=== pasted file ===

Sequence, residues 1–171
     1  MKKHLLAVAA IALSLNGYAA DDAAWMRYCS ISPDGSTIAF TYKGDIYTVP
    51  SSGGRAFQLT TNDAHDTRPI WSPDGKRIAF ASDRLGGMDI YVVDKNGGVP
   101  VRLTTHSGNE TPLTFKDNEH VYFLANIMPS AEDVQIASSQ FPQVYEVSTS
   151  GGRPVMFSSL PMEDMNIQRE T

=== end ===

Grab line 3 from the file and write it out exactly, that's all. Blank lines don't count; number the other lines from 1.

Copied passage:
    51  SSGGRAFQLT TNDAHDTRPI WSPDGKRIAF ASDRLGGMDI YVVDKNGGVP